Military Construction Standards Should Be Updated To Better Meet User Needs and Save Money
LCD-77-351: Published: Apr 3, 1978. Publicly Released: Apr 3, 1978.
- Full Report:
Military construction standards are used in designing and building Department of Defense (DOD) facilities worldwide; these standards affect the adequacy of a facility and its costs for construction, operation, and maintenance. The application of selected standards was examined in the Pacific Ocean area.
DOD construction standards are generally comprehensive and provide the flexibility to meet varied user needs. However, conflicting and outdated standards contribute to increased costs and may run counter to the government's energy conservation goals by providing a facility with too much lighting and cooling or too little insulation and vapor barrier protection. More local input into the planning process and better consideration for unique needs could produce better adapted facilities in Hawaii. The criteria for Hawaiian construction do not result in facilities which meet user needs at the most reasonable cost. Air conditioning and insulation criteria do not consider the lack of temperature or humidity extremes and the availability of cooling winds. Standard designs used by DOD fail to provide the open-air livability features common to privately constructed buildings in Hawaii.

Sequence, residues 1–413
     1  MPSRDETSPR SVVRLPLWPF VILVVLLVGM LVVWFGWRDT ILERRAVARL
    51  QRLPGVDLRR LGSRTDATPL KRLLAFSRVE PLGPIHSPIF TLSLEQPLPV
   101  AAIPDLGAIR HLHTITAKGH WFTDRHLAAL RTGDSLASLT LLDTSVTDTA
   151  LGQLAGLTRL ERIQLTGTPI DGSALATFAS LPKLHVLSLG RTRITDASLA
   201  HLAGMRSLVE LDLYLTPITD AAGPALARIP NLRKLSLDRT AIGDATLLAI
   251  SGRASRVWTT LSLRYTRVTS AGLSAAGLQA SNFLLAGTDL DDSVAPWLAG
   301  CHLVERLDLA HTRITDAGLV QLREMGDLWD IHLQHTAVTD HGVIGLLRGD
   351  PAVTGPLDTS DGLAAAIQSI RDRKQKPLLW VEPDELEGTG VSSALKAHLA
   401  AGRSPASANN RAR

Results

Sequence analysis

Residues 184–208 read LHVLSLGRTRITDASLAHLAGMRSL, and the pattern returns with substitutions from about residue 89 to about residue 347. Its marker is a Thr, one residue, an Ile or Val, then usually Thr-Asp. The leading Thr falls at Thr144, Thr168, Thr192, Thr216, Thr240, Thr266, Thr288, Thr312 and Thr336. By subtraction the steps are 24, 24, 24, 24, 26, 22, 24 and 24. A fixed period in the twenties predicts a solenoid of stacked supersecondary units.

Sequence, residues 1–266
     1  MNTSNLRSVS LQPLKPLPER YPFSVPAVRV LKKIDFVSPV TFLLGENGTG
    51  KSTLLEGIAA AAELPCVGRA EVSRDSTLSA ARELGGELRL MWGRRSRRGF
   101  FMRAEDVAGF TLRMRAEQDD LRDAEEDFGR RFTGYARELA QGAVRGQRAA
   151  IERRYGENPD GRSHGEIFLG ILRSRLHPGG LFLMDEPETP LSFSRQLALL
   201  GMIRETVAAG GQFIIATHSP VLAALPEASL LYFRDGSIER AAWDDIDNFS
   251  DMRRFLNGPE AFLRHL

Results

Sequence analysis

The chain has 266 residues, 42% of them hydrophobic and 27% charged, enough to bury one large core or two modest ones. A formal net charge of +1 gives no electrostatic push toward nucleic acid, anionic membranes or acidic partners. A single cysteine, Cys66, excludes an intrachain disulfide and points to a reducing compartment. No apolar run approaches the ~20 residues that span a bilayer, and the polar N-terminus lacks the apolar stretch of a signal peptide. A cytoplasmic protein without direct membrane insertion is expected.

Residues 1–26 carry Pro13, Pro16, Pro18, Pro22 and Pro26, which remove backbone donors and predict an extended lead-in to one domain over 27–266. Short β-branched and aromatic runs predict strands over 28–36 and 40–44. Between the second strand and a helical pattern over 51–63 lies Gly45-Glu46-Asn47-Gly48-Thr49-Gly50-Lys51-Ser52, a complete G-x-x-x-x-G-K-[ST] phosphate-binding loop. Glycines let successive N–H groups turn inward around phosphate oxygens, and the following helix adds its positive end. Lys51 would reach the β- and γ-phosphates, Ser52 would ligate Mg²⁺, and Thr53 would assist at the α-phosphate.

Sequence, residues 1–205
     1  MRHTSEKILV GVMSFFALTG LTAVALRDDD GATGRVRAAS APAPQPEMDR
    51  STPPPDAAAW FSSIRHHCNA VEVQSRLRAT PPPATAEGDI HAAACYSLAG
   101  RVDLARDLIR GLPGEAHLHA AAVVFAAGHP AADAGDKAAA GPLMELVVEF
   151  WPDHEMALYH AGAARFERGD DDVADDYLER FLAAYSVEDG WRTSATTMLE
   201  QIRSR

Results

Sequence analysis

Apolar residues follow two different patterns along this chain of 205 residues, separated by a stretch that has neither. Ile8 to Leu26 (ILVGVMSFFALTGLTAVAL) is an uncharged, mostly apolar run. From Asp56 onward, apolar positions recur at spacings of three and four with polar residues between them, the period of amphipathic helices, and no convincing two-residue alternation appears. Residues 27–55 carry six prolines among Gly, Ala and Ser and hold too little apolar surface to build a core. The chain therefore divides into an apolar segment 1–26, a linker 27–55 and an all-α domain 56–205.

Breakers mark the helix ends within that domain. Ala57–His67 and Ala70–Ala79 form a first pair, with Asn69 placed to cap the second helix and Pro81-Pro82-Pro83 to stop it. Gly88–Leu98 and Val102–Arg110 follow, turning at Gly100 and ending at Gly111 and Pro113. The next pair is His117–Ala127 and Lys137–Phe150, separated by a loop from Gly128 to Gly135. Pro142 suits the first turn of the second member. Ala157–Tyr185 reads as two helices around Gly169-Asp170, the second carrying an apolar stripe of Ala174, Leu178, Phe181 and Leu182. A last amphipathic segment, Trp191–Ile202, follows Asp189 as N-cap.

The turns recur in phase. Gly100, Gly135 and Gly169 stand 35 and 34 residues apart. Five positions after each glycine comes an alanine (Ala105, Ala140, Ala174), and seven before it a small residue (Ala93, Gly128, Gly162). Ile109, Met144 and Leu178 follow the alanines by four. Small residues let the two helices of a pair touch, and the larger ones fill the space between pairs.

Recommendation for Executive Action
Comments: Please call 202/512-6100 for additional information.
Recommendation: The Secretary of Defense should provide the means to regularly revise construction standards, allow for greater input from users in formulating and revising the standards, and compare construction standards with others to ensure consistency. He should also direct the Army and Air Force to revise their roof-live-load criteria to allow reductions under certain conditions. Because of the unique conditions in Hawaii, the Secretary of Defense should: (1) allow field engineers greater leeway in adapting facilities to local conditions; (2) reevaluate the present requirements for insulation and vapor barriers; (3) instruct field engineers to review current and future designs to eliminate air-conditioning where feasible; and (4) refine and clarify DOD air-conditioning criteria to consider natural air movement as a comfort factor.